Matthew records Jesus’s qualification as the Messianic King and includes much of Jesus’s proclamation of the nearness of the kingdom.[45] Matthew records Jesus’s explanations and teaching on details of the kingdom and why the people needed to change their minds about it.[46] It is very noteworthy, also, that Matthew records a dramatic shift in Jesus’s teaching method after Jesus was ultimately rejected by the leadership and the nation in general.[47] Matthew describes that at that point, Jesus spoke many things to the people in parables.[48] The disciples were surprised at this new approach Jesus was employing, and they asked Him why He was speaking in parables after communicating so clearly before.[49] Jesus explains to them that the goal of his teaching was not to clarify the truth any longer for those who had rejected Him, but to veil it.[50] From that point on, Jesus spoke to the multitudes in parables, though He would often provide detailed explanations for the disciples He was preparing for the next stages of their apostolic task. Jesus chose a methodology that fit the andragogical goal. He did not dither nor hesitate – it was the right tool for the job, and in its use His purpose in that aspect of His teaching was fulfilled.

            In 2019, Elon Musk rolled out the prototype Tesla Cybertruck, which was advertised as having virtually unbreakable armor glass windows. After demonstrating that a sheet of glass could withstand even the impact of a falling steel ball, that same steel ball was thrown at the front driver side window. While the ball didn’t go through the window, the glass did shatter (though not completely) in an embarrassing failure. The steel ball was thrown at the rear driver window with the same result. Musk sheepishly noted that the results were “not bad,” and joked, “we’ll fix it in post.”[51] While the reason for the failure was not immediately known, it was later observed that previous impact had slightly lowered the windows, diminishing the structural stability. The technology that was chosen didn’t quite meet the standard needed, and it wasn’t discovered until the global unveiling event. While it was an embarrassing moment for Musk and Tesla, it provided a helpful object lesson of the potential cost of employing the wrong technology or employing the technology wrongly.

            The needs analysis in the previous stage provides important data and context that can be leveraged to choose an effective technology vehicle for platforming the educational content. Appropriate application of the analysis findings offers important guidance for choosing the best option, and minimizing the chance for failure at launch.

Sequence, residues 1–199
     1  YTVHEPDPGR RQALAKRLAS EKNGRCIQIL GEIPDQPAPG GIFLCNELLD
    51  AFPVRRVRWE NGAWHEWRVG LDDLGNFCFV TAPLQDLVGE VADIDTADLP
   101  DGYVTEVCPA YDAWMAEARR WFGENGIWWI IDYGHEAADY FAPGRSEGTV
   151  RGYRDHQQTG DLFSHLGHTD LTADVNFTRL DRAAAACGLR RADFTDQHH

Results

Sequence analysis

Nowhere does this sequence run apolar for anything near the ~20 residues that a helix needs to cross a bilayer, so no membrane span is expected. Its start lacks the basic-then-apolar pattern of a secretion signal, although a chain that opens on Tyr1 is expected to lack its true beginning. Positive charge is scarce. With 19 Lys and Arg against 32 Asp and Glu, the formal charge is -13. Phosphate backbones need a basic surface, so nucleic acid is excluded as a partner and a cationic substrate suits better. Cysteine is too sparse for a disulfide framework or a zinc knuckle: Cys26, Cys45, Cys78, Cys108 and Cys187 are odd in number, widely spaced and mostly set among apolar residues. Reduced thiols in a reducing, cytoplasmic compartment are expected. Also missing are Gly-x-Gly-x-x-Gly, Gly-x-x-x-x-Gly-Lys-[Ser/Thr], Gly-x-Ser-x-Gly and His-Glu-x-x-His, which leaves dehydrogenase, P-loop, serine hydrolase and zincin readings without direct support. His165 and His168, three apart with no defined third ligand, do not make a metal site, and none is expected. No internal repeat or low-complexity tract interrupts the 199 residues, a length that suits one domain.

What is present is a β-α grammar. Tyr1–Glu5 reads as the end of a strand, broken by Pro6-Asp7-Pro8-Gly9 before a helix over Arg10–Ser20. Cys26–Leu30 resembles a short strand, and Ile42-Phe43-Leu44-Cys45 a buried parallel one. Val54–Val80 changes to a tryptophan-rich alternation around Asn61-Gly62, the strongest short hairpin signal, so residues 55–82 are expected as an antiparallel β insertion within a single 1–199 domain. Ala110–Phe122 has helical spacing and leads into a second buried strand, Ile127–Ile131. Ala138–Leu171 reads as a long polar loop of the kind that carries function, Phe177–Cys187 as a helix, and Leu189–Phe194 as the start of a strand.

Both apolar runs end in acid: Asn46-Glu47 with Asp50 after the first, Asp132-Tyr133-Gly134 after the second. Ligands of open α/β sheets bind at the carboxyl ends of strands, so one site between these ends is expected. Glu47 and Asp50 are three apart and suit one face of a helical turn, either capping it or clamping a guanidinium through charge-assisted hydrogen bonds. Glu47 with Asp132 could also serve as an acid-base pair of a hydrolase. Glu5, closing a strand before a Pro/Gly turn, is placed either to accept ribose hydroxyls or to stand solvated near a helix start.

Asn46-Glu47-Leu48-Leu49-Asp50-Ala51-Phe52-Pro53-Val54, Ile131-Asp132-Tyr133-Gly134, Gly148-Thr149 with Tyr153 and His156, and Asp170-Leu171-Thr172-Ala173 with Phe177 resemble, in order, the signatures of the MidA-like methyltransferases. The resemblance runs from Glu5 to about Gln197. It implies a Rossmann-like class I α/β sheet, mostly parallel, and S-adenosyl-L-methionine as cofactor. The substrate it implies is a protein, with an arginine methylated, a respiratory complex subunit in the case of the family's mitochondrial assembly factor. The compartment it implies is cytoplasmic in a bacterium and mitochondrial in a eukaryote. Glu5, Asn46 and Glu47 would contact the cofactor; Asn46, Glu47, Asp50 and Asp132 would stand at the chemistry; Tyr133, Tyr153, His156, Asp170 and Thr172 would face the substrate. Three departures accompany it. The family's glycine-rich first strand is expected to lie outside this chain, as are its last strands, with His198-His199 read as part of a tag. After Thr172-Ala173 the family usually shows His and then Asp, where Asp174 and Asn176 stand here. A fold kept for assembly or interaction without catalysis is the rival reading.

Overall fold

Practical Steps

  • Compare pros and cons of known platforms with technology features needs analysis.
  • Survey and evaluate current technology platforms to identify the best fit as vehicle for mission, values, and curricular communication.
  • Make the choice and orient the team to the platform.
  • Export created course content to the platform.
  • Develop a process for assessment of platform so that as needs change, the organization can proactively move in a better direction.


            Paul’s instructions for the Corinthians and the Thessalonians demonstrate that people are not always at the same level of growth. There is need for testing against the standard, for evaluation, and for improvement. The Corinthians were horribly immature, as evidenced by obscene immoralities in their midst,[52] Paul doesn’t question their position in Christ nor threaten that they might lose it. Rather he diagnoses them as fleshly and in need of growth.[53] He explains that their work will be tested by fire to show the quality or lack thereof.[54] If the work remains, the worker receives a reward, but if it is burned up, the reward is lost, though the person is neither burned up nor loses his position.[55] The Corinthians needed to grow up and stop behaving like infants.

            The Thessalonians, on the other hand, are repeatedly commended.[56] There is no direct rebuke in Paul’s First Letter to the Thessalonians. Rather he repeats the exhortation that they excel still more.[57] The Corinthians and Thessalonians were positionally in Christ – Paul never questions their position in Christ. Yet, they were in very different places in the growth and maturity. Paul presents them both with standards by which he measures them. The Corinthians were failing to live up to those standards, while the Thessalonians were commendable and exemplary when measured against the standards Paul mentions. Despite their differing levels of maturity, both needed to grow. The Corinthians were not so immature that they could not grow, nor were the Thessalonians so mature that they did not need to grow. Testing and evaluation against standards are critical vital components prerequisite to growth. Test and improve is important in one’s personal life. Likewise, test and improve is necessary for organizational health and certainly so in the endeavor of launching a technology platform as the vehicle for the educational content.